The Children and Young People (Scotland) Act 2014 applies to all children and young people in Scotland. The Scottish Government has tried to strengthen the rights of children and young people in Scotland by encouraging Scottish Ministers and Public Bodies to think about these rights and how they relate to their work. It will come into force in stages, with most of the provisions coming into effect in either 2015 or 2016.
Probably the most controversial provision in the Act is the role of a 'named person'.
One of the Scottish Government's key policies over the last few years has been "Getting It Right for Every Child" - known as GIRFEC. The idea behind GIRFEC is that everyone should work together to ensure that each child has the best start in life. One way the Scottish Government has decided this should be taken forward is to create the role of a named person. A named person will be the person anyone can approach if they have concerns about a child or young person's well-being or if they think they require some help or support.
Every child and young person in Scotland up to the age of 18 should have a named person. The role is designed to help with all types of problems, not just for times where a child or young person is at risk. This might include where a child or young person needs more short-term support, such as when they are ill or have had a bereavement.
The named person will decide - hopefully alongside the person they support, and their parents, - what kind of support might help a child or young person. They may then help them access a service. Where there are serious concerns about the child or young person, the named person might also have to share this information with other professionals - such as social workers - so the child or young person can be kept safe.
A child or young person's named person will change as they get older. Up until a child is 10 days old, the named person will be the mother's midwife, then the child's Health Visitor will take over until the child starts school. At school, the named person will usually be the child or young person's Headteacher. The Scottish Government is currently considering how best to support young people under the age of 18 who have left school.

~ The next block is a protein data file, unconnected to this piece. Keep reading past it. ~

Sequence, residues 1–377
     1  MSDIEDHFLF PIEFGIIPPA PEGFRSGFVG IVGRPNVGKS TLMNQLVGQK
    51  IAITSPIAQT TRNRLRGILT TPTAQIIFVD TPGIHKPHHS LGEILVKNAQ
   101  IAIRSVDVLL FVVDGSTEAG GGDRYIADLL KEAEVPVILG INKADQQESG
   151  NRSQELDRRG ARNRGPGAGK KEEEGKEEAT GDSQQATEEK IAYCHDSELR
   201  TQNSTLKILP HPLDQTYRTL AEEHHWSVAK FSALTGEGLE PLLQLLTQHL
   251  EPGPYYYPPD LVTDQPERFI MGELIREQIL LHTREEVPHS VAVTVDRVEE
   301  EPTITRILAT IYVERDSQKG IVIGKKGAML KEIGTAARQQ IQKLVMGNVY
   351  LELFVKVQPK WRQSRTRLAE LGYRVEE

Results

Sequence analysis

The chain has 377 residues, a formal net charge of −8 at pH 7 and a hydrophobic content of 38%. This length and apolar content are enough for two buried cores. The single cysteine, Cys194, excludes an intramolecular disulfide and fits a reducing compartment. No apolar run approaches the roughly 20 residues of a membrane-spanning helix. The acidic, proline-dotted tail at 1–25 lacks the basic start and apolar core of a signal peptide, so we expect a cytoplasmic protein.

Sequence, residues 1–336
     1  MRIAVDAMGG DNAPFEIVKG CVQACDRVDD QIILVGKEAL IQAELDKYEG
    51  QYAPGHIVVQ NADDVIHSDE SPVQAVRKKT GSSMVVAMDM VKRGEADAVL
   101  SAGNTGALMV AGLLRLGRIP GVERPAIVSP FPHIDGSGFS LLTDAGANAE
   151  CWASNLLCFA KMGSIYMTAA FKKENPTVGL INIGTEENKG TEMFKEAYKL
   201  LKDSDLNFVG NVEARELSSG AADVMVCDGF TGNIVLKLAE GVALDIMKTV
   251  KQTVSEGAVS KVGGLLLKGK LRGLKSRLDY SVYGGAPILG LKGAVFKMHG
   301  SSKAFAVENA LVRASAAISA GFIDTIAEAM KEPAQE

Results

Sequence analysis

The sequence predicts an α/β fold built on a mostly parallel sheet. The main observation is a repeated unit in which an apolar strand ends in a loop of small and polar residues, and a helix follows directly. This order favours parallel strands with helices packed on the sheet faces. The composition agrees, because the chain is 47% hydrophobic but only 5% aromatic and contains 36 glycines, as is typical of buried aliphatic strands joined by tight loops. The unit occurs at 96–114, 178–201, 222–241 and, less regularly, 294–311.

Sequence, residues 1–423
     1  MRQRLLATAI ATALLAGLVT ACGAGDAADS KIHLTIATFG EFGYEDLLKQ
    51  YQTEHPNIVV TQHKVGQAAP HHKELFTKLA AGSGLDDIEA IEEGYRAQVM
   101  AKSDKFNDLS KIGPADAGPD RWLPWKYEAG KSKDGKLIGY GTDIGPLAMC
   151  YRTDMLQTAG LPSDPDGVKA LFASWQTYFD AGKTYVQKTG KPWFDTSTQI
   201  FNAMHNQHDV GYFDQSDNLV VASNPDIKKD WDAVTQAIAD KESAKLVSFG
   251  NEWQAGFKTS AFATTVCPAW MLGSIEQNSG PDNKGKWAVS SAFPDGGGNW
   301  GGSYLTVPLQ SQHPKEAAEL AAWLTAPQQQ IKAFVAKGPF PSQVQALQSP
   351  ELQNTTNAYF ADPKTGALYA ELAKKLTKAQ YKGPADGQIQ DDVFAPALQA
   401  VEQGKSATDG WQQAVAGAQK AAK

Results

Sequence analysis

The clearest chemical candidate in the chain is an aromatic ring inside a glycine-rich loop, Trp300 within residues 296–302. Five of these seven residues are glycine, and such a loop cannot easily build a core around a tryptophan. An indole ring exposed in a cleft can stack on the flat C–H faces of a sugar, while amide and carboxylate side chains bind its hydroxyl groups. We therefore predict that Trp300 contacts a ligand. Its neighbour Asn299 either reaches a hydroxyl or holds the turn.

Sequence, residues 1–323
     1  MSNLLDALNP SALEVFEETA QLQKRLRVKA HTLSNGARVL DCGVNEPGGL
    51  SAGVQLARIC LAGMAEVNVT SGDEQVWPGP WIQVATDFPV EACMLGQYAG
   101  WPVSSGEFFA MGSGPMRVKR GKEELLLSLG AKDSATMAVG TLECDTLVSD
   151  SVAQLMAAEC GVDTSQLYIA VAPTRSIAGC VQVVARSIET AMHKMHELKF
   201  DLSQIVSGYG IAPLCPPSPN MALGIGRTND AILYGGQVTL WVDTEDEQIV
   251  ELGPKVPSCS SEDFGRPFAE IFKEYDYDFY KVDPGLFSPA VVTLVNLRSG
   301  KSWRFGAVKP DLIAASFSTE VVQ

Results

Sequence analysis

While every child and young person will have a named person, this does not mean there will be a named person actively involved in the child or young person's life. Some children may never need the support of their named person, while others will require lots of support.
A legal challenge by a coalition of charities and individuals was recently brought against the 'named person' provision.
They argued that the provisions were outwith Holyrood's powers, breached human and constitutional rights and amounted to an "unjustifiable interference by the state". They argued that the named person provision does not allow for opt-out and is not necessary in terms of child protection.
Lord Pentland heard the case, and issued his decision last week. He held that the case 'falls on all points'. His Lordship found that those who brought the action had failed to show that the provisions were incompatible with rights under the European Convention on Human Rights (ECHR). He held that at the most general level the objective of the measure was to promote and safeguard the wellbeing of all children and young people in Scotland, which was clearly a legitimate aim.
Lord Pentland said:
"It is important to keep a sense of proportion and balance and not to assume that the new service will operate in a way that is inappropriately invasive or disrespectful of private and family lives,"
"In the great majority of cases the practical effect of allocating a named person to a child or young person is likely to be minimal. There is no reason to suppose that named persons will intrude inappropriately or to an excessive degree in the lives of children and young persons or that they will act in a manner likely to undermine family life."
It will be interesting to see the impact the Act has over the course of the next few years, and in particular how this new and controversial aspect will develop. At Drummond Miller, we have an experienced Family Law Team who will be able to advise and guide you on the changes to the law. If you require advice on any Family Law matter, please get in touch with our experienced Family Law Solicitors in Edinburgh, Dalkeith, Musselburgh and Bathgate.